In December 2009, 10 employees from the technology company Square moved into an empty corner of the San Francisco Chronicle building at Fifth and Mission. The space had been stripped bare, but Square gave it touches of startup chic: rows of Apple computers, a sparkling-water dispenser, chandeliers designed by Jonathan Adler.
Square, a mobile payment firm headed by the Twitter co-founder Jack Dorsey, now has 100 employees packed into what used to be The Chronicle’s human resources department. It is thriving alongside a social entrepreneurship collective, a digital art gallery and other startups that signed leases over the past 18 months with Hearst, the Chronicle’s parent company and the building’s owner.
These success stories contrast starkly with the fortunes of the newspaper. After years of declining circulation and advertising revenue, San Francisco’s most influential paper is finding itself increasingly isolated in the building it has called home since 1924.
The Chronicle building’s continuing transformation is a dramatic example of how the San Francisco economy is changing — even under one roof. With the Chronicle literally shrinking, Hearst and its Cleveland-based developer, Forest City Enterprises, are embarking on a plan to turn a 4.5-acre block around the newspaper — including idled printing facilities — into a commercial and residential campus for innovation.
The developers envision replacing the parking lots and warehouses around the Chronicle building with buildings housing startups, all connected by spruced-up alleys and open-air plazas.
“A lot of people just assume it’s only one building, but we’re creating an ecosystem that lives and breathes art and entrepreneurship,” said Alexa Arena, the Forest City vice president who is leading the project. (Forest City was the development partner for the Manhattan headquarters of The New York Times Company.)
Charles A. Fracchia, president of the San Francisco Historical Society, said it was “ironic” that Hearst appeared to be giving over the Chronicle building to tech firms.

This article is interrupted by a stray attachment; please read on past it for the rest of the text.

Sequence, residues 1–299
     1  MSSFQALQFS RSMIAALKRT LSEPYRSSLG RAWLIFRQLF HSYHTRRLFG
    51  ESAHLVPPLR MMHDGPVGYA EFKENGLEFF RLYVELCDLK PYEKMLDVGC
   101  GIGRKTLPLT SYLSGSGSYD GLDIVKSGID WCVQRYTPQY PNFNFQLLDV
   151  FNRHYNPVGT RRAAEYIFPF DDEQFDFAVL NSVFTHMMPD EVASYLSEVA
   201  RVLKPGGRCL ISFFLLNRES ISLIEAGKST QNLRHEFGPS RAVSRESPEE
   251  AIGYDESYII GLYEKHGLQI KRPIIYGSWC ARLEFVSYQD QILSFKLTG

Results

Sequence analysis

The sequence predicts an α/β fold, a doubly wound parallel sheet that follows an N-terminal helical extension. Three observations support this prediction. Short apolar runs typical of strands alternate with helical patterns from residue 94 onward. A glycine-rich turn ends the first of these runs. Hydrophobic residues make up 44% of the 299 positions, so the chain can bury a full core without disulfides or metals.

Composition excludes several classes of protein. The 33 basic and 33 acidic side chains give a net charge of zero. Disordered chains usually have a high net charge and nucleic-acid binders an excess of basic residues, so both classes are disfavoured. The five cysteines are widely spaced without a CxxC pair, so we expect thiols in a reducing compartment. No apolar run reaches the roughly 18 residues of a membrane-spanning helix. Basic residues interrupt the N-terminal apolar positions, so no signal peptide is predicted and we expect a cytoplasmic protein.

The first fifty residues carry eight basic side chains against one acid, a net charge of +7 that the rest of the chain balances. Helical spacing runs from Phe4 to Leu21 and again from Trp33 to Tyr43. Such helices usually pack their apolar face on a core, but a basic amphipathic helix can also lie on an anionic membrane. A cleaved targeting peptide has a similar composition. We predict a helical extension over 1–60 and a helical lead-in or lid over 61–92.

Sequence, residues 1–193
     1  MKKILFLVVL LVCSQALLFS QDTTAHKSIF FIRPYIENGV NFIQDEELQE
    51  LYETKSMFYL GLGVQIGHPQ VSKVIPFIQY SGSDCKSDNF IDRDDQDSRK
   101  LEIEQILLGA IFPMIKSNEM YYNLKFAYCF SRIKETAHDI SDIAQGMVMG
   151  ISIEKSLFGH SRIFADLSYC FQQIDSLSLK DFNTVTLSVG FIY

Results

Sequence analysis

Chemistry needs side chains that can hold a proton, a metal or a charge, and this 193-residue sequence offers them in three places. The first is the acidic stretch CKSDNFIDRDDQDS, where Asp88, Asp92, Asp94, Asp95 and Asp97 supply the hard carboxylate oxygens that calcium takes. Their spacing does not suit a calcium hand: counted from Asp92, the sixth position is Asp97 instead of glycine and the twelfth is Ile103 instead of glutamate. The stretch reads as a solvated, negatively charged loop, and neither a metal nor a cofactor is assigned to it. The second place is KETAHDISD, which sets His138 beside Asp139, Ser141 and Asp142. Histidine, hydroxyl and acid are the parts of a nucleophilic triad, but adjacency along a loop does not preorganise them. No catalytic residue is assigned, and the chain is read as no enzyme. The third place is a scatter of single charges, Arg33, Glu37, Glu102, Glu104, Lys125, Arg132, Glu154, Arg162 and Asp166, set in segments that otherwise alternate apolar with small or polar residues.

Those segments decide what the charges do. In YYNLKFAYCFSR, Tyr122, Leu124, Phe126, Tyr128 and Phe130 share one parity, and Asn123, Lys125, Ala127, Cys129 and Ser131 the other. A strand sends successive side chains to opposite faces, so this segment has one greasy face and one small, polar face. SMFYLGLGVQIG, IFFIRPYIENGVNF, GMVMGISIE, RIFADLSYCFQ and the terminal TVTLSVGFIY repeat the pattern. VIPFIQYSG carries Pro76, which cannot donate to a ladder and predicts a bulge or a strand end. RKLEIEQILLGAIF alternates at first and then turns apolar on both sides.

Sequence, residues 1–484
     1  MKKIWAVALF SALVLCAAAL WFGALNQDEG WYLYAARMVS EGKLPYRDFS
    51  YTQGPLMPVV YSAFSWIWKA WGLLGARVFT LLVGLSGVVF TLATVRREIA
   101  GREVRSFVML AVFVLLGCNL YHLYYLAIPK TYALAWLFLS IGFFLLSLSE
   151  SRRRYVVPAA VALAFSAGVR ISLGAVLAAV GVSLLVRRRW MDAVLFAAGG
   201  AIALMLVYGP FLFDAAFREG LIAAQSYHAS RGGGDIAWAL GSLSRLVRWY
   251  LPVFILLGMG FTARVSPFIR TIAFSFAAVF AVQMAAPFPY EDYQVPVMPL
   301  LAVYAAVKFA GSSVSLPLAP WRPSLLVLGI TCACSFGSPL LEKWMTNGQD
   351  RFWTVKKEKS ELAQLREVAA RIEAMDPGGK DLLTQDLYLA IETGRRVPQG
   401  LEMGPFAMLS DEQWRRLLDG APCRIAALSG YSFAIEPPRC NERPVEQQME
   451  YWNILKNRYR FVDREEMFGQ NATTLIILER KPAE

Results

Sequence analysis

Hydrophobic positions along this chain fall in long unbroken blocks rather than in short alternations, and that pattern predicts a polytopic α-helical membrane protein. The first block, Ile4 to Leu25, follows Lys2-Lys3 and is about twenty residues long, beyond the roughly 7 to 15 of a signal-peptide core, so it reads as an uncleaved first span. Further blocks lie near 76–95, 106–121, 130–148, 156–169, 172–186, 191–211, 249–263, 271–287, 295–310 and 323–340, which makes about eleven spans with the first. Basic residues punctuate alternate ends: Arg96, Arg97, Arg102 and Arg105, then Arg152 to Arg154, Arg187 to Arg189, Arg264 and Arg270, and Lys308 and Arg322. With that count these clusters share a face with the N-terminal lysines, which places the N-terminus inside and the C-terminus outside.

“This is about organic changes in urban life coupled with the fact of always-changing technology,” Fracchia said. “The utilization of that space for a dying newspaper, in their eyes, just doesn’t pencil out.”
The age of the building, its monolithic presence south of Market Street, and lingering sentimentality about the Chronicle could present obstacles to Forest City’s plans, according to some city officials. They said the company has privately told them it envisions building several office towers as tall as 400 feet, which could come under opposition from neighborhood groups.
Anticipating a long and politically tricky process, Forest City is quietly courting City Hall and local residents and assembling a powerhouse stable of architects, housing experts and lobbyists — even as the Chronicle’s remaining staff members ponder whether the paper will ultimately be evicted from its home.
Frank J. Vega, the Chronicle’s chairman and publisher, said in a statement that the newspaper and its website, SFGate.com, “will occupy the building at Fifth and Mission for the foreseeable future.”
Forest City hired a firm headed by two former chiefs of the Office of Economic and Workforce Development under Mayor Gavin Newsom to consult on the project. It also hired Charles E. Chase, president of San Francisco’s Historic Preservation Commission, to review the building’s historical preservation status.